"Too much of what Government does is about targets and policies set by people in London.
"Out hospitals, schools, police and transport should be free to devise their own priorities in line with the needs of local people."
Name: Paul Palmer.
Lives: Hebden Bridge.
Family: Partner Julie and son Max.
Occupation: Runs not for profit internet company, Green ISP, which promotes awareness of environmental issues.
Says: "There are many local people concerned about green issues already working positively to promote the environment.
"I hope to be able to play my part in promoting and encouraging these kinds of local enterprises.
"The local Green Party believes the region really needs more affordable and sustainable housing and improved public transport, as well as promoting wider issues of tackling climate change through renewable energy and opposing globalisation by supporting local shops, producers and services.
"A green voice is badly needed."
Party: British National Party.
Name: John Gregory.
Says: "I would like to raise the profile of the area and my party and get across that we want to address issues other than asylum and immigration.
"We accept that there are people from other countries in Britain, but we want people to have their own identity and for British people not to have to be ashamed of it.
"We want a self-sufficient Britain, separate from the EU. "We want to build up the manufacturing industry, which was so important in this area.
"It is how you build up a nation's wealth and can afford things like better pensions. For some reason, the other parties think it is OK to be just a service industry."
Barbara Green, of Clifton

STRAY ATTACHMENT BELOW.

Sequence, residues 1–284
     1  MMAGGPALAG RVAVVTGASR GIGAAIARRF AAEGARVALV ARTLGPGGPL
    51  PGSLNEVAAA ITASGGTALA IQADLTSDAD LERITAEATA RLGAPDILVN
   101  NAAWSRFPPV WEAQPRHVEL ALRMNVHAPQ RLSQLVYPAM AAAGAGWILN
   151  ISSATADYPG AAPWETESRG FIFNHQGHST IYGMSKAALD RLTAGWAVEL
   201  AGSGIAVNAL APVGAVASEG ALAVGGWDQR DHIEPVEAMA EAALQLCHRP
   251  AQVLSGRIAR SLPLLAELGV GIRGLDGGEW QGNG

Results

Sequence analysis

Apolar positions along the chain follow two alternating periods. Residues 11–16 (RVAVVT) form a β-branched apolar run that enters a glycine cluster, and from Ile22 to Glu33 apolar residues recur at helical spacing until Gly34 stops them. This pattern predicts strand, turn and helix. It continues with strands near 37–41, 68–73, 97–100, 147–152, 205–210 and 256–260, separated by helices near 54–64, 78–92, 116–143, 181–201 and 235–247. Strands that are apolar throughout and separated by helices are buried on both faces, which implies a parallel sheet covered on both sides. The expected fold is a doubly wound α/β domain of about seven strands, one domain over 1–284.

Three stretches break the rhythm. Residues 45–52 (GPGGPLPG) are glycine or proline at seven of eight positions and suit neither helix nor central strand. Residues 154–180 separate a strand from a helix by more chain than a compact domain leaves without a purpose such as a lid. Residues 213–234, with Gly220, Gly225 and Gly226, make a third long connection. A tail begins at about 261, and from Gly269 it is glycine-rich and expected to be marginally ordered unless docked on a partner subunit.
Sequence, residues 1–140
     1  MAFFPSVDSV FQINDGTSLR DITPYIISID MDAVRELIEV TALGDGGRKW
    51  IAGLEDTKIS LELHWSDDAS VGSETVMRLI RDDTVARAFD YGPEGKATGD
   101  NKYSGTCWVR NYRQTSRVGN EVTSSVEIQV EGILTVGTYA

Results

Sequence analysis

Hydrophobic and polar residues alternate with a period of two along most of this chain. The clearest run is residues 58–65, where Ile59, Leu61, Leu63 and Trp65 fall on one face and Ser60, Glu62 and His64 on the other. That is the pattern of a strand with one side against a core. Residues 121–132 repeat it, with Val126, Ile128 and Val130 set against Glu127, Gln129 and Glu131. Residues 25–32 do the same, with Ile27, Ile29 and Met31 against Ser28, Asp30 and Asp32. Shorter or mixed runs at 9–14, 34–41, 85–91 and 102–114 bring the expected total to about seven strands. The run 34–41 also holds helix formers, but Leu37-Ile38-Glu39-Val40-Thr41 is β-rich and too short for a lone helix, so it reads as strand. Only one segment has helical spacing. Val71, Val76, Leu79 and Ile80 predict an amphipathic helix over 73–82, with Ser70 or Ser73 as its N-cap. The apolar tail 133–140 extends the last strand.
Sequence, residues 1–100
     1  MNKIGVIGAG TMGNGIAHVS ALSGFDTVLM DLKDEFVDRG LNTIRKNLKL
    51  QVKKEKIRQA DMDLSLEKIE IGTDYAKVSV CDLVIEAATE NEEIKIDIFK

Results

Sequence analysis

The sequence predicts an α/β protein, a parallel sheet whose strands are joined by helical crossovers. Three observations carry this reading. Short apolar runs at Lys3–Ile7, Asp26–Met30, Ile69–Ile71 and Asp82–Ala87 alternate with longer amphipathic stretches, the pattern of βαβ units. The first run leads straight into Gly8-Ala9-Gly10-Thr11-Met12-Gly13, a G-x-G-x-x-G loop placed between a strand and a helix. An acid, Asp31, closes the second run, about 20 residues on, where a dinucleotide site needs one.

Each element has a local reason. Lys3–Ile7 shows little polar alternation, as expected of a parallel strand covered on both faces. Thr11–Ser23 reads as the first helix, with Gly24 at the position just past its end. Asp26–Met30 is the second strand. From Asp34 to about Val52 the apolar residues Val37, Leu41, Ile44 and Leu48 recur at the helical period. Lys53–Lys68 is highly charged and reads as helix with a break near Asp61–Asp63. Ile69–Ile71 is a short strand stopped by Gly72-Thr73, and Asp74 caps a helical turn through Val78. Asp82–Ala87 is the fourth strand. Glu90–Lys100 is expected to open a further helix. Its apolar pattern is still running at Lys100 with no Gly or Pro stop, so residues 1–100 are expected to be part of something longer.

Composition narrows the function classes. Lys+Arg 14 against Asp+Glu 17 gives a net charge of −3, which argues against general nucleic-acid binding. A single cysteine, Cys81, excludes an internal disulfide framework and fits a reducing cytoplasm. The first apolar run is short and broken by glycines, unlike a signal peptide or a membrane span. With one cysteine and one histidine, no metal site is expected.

"I don't really do politics very much. I don't think a lot of people do. There is so much spin.
"You are a bit stuck when you don't like any of them!
"I think Tony Blair has gone down with a lot of people over the Iraq war and that might go against him.
"Locally, the Conservative candidate is supporting our protests against plans for a business park on Wakefield Road at Clifton - but then so has the Labour candidate.
"They are all saying they will support local causes."
Colin Stout, 52, of Brighouse
"I've lived in the Brighouse area for 35 years and I cannot see many changes on May 5.
"I don't think this is the election when things will alter dramatically and I feel Labour will get back in with a comfortable majority.
"There has been the Iraq issue, but nothing at local level to influence the way people may vote, as we had the Poll Tax several years ago. That made many people change the way they vote.
"I believe there may be a protest vote in some areas on issues such as the hunting bill but here in Calder Valley it will be a case of as you were."
Stuart Booth, 45, of Ripponden
"I don't think the country is being run right generally. There are a lot of people who are fed up. We don't know where all our money is going.
"But whether any other party could do it better I don't know. I watch the TV but I still don't know what each party is offering.
"All I know is my team didn't win last time!
"I've always voted for the same party and there's nothing anyone has said so far to change my view. I always vote even though I'm not particularly political, because it is a waste of a vote if you don't.
"My wife, Joanne, doesn't know who to vote for and she is trying to look at different policies on issues at the moment."